6 Gratitude Hacks that Ease Stress

In these unusual times, it’s hard not to feel scared and anxious about the future. There’s a way to build your resilience, and it’s deceptively simple.

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In these unusual times, it’s hard not to feel scared and anxious about the future. It’s easy to get overwhelmed by uncertainty when the economy is tanking, people are staying home and there’s a strange virus stalking the streets.

But there’s a way to build your resilience, and it’s deceptively simple: you just need to find reasons to be thankful each day. To help you get started, here are a few tips from gratitude experts around the globe:

Hack #1: Keep a Gratitude Journal

Maintaining a gratitude journal is a great way to remind yourself of all the good things in your life. Glenn Fox, a neuroscientist from the University of Southern California, began keeping a gratitude journal as part of his research.

Try doing as he did: all you have to do is list down three to five things that you’re grateful for. By doing so, you’ll build up a collection of positive memories that you can draw from whenever you’re having a rough time.

Hack #2: Write Thank-You Letters

University of Pennsylvania psychologist Dr. Martin E.P. Seligman found surprising results from people who wrote and personally delivered letters of gratitude. They exhibited higher happiness scores compared to those who did not. Additionally, the impact of writing these messages was more significant than any other form of intervention.

So make it a habit to send at least one thank-you letter every month. Alternatively, you can try sending a few gratitude texts or emails every once in a while.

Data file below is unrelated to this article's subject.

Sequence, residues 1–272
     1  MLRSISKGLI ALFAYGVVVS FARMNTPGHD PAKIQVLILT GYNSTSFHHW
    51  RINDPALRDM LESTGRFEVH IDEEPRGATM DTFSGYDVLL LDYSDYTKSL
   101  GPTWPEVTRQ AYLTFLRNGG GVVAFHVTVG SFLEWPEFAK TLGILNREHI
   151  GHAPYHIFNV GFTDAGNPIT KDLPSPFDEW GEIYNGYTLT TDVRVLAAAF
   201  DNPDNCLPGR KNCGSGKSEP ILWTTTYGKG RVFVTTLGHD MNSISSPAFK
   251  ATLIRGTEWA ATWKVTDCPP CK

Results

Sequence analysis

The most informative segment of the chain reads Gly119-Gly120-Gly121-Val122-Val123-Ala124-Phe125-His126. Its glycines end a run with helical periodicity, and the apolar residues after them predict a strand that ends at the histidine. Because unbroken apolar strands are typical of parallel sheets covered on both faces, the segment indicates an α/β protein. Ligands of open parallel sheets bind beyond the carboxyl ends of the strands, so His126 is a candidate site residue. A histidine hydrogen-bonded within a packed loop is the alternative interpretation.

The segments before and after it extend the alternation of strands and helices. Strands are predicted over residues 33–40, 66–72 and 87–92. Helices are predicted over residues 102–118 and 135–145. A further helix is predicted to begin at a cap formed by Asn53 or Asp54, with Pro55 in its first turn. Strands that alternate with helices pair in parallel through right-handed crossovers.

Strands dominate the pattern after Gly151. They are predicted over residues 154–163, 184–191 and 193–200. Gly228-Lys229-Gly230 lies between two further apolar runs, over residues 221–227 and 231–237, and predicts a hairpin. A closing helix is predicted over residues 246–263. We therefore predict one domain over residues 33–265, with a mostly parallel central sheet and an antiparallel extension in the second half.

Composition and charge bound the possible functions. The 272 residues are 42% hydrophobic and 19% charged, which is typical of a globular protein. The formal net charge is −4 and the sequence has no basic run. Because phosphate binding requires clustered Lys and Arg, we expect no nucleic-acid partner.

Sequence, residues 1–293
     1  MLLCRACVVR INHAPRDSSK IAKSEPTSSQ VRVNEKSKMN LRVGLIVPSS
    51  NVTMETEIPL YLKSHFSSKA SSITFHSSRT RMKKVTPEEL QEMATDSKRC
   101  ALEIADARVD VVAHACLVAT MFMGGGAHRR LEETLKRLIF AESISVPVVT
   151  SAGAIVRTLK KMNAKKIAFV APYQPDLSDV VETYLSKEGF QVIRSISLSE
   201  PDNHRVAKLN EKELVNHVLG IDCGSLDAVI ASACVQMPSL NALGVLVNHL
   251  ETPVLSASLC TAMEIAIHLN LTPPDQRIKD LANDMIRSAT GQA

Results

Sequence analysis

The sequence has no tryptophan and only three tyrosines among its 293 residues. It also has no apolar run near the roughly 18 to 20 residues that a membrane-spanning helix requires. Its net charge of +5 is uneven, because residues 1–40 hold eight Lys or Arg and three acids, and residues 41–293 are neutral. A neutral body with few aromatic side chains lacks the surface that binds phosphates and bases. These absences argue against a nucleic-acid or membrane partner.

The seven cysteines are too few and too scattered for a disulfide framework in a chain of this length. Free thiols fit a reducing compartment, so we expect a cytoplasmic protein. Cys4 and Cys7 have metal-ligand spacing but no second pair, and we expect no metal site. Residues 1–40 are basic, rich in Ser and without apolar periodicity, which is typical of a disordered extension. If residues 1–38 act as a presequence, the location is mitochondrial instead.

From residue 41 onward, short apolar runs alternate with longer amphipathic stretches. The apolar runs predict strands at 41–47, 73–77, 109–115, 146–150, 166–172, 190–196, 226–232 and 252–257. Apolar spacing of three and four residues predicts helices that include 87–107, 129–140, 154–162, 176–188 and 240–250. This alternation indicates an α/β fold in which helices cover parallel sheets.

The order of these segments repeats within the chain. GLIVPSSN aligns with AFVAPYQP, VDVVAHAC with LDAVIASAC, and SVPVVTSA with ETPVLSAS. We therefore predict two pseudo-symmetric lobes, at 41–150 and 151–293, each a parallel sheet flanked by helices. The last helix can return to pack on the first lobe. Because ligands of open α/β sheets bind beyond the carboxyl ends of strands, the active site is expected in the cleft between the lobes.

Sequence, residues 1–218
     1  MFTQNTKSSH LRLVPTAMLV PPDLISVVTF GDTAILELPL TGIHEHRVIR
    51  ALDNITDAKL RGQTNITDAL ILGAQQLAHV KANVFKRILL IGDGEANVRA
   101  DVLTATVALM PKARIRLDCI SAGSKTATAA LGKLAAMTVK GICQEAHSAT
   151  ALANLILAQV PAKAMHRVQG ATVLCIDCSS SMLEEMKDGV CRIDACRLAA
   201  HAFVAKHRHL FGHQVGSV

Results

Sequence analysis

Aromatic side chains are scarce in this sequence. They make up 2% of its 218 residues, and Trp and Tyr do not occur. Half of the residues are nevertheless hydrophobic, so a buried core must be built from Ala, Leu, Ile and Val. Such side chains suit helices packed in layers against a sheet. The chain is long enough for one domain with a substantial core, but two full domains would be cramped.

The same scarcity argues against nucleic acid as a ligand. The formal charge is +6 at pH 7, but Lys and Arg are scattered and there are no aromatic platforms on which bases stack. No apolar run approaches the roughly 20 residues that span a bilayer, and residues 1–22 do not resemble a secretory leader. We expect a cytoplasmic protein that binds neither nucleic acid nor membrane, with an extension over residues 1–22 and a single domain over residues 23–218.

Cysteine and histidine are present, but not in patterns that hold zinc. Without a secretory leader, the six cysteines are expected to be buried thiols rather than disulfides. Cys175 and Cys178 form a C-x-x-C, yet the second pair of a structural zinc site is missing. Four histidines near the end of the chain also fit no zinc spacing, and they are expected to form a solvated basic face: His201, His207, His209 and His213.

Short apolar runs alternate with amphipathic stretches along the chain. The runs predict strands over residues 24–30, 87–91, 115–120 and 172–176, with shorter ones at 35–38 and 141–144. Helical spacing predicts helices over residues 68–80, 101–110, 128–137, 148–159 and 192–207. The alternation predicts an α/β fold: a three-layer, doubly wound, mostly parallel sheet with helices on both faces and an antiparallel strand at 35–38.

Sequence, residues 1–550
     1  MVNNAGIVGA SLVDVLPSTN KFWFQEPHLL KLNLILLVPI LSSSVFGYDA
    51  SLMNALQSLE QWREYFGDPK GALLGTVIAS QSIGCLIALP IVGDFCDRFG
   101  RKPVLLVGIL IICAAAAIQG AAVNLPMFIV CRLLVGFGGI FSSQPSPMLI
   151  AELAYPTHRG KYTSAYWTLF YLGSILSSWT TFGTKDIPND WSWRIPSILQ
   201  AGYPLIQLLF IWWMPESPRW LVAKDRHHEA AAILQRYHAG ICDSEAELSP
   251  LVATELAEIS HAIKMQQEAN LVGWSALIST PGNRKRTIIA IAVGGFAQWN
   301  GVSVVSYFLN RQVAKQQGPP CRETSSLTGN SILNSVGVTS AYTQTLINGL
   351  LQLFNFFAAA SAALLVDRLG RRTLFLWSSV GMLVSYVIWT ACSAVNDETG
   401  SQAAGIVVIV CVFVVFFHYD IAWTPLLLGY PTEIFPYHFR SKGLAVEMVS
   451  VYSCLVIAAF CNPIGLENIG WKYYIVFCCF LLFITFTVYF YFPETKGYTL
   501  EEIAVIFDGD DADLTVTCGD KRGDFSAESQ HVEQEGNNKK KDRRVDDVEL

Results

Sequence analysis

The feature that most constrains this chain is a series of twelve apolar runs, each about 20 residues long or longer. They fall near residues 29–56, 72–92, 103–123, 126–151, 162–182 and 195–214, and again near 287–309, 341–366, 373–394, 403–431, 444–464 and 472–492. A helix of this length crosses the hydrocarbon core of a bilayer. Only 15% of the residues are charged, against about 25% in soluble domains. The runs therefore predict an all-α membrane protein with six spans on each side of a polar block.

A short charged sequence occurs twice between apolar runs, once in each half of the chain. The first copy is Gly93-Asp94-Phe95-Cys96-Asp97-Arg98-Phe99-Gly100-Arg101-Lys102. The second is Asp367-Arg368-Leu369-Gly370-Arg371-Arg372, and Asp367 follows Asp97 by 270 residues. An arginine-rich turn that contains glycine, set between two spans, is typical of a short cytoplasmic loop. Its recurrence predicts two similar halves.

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Hack #3: Ask Yourself Three Questions

Dr. Robert A. Emmons, a professor of psychology at the University of California, highly recommends practicing Naikan regularly. Meaning “introspection” in Japanese, Naikan is a meditation technique that involves asking yourself three specific questions: what you’ve received, what you’ve given, and what troubles and difficulties you’ve caused each day.

By reflecting on your interactions with others, this exercise can help you gain a better understanding of yourself and your relationships.

Hack #4: Pay It Forward

When you’ve received an act of kindness, nothing is more rewarding than paying it forward. In fact, based on a study by Stanford psychologist Sonja Lyubomirsky, participants who carried out five good deeds per week reported higher levels of happiness than those who did not.

So start doing what you can to make the world a better place, even in the smallest of ways. Some examples include donating to charity, checking in on your neighbors, or volunteering your time to a worthy cause.

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Hack #5: Practice Mindful Eating

According to the Center for Mindful Eating, engaging all of your senses during mealtimes can make you better appreciate the food that you eat. Indeed, studies show that mindful eating can help elevate your mood and even improve your physical health. So instead of gobbling down your food in a hurry, slow down and savor each bite. You can also think about and thank the people who helped bring said food to your table.

Hack #6: Remind Yourself to be Grateful

Gretchen Rubin, the author of the best-selling book The Happiness Project, recommends setting up “gratitude prompts” around your home. For instance, you can hang up a picture of a loved one so that each time you walk past it, it will prompt you to think about why you’re glad for their presence in your life.

You can also try using a wellness app so that you can receive alerts and notifications for practicing gratefulness at specific times of the day.

Give These Gratitude Exercises a Try Today!

If negative emotions are left unchecked, they can negatively affect a person’s physical, mental, and emotional health. Hence, learning how to adapt and keep yourself grounded is crucial to getting through times of crisis.

And while practicing gratitude can go a long way, it’s also important to consider how your environment affects your state of mind. If your current home feels too limiting, it may be time to consider moving into a new living space that better suits your personal needs.